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Commentary: Being a prisoner in Turkey during the COVID-19 pandemic  

This post was written by Aylin Kocaman, TV presenter and interfaith activist from Turkey.

With the arrival of COVİD-19 in Turkey in early March, quarantine measures were implemented as a result. The number of positive cases quickly escalated, and curfews and restrictions were introduced, much like the rest of the world. People were no longer able to see their loved ones, their friends, or go to work as usual. But there’s no doubt that one group suffered the most during this time: prisoners. 

In one-month, Turkish prisons became the new target of the virus. In a short amount of time, 82 inmates in Silivri prison[1], and 120[2] inmates in prisons across Turkey tested positive and a couple of days later, four of them lost their lives. [3]

The lives of the people in prison are at risk. They have to live with this danger while confined in an enclosed area without being able to protect themselves. Especially considering that there is a serious shortage of staff and most importantly doctors in prisons during the COVID-19 pandemic, it goes without saying that once one person contracts the virus, it will spread to the rest of the prison in no time. Indeed, this is what happened in Buca and Silivri prisons of Turkey. It is also known that people are tested only after positive cases are confirmed. This means that there are a number of positive cases among the staff and the prisoners that go unrecorded.

In addition to this life-risking situation, there are other consequences of the virus that should be known. From February until 16 June, no trials were held in Turkey and when they finally resumed on June 16, one court clerk tested positive leading to the quarantine of all the judges and court staff. Therefore, it doesn’t seem likely or reasonable to resume trials while the cases of COVID-19 are still on the rise. However, one dire consequence of this trial-less period is the continued detention of those people who were imprisoned pending trial. According to the official rhetoric, they are kept imprisoned because “their statements could not be taken.” In other words, even though they could be easily released on parole, they are still kept imprisoned.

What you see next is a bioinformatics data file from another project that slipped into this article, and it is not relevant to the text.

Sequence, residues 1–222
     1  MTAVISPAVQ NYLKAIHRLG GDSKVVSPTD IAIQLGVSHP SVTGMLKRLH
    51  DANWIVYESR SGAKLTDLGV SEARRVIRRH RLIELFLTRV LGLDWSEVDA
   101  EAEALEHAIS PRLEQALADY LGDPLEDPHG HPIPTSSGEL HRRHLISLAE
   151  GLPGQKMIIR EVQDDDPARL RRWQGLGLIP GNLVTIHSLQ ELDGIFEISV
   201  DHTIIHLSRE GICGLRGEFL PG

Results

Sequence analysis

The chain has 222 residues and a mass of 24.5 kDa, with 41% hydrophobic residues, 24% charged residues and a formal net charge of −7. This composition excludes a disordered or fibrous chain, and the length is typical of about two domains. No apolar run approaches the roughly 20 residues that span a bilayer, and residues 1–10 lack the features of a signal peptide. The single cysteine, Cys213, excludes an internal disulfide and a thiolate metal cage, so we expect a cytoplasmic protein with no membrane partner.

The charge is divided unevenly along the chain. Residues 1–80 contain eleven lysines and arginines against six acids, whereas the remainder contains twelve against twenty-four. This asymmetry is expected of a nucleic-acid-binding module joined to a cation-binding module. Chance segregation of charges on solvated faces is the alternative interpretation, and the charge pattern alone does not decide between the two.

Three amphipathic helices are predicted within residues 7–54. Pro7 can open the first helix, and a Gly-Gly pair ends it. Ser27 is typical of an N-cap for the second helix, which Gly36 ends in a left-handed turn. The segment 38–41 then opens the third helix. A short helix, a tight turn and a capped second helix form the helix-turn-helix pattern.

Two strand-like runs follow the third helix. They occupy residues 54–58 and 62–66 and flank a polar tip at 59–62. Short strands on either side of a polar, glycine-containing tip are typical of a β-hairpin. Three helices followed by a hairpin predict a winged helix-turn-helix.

A new law on execution of sentences was passed recently in the Turkish parliament and as a result, 90,000 people were released. Interestingly, all the people released were convicts.[4] In other words, only people that had committed crimes benefited from this new law. Strangely, those people about whom it hadn’t been decided whether they were guilty or not and were awaiting trial or had pending trials weren’t released. It should be noted that statistically 50% of people who are detained in Turkey are later proven innocent and released. Therefore, it is obvious that the new law should also cover detainees who are held pending trial.

With the new law some crimes will no longer be punished, or the punishment will not translate to imprisonment. However, currently, there are people in prison for crimes which would now not lead to imprisonment had they not been prisoners already. Yet, they are not released because their trials have been postponed.

It is inconceivable that while thousands of convicts were pardoned and released, those people who should be considered innocent until proven guilty are kept in prison on the grounds that their statements were not taken. Currently some of the detainees have been waiting for 2-3 years in prison for their indictments to be prepared or their trials to begin. Yet even during this pandemic, they were not released. Detention is a legal precaution but at the moment in our country, it has turned into a punishment. Although completely unnecessary, detainees are forced to face this scary and inhumane situation in a confined space.

In addition, after the passing of the said law and the release of the convicts that cooked food for the prisons across Turkey, the food service almost stopped and the quality of the food sharply declined. During this time, prisoners were given unhealthy, packaged foods that had no nutritional value. In other words, the prisoners were not able to eat properly at the time when the risk of contracting the virus was at its highest. In addition, meat completely ran out in prison commissaries during this time. For a long time, prisoners were not sold drinking water, which needless to say, is extremely dangerous during a pandemic. Similarly, fresh fruits and vegetables were not sold regularly. A prisoner can buy water and food only from the prison commissary, so when these channels are closed, there is nothing a prisoner can do.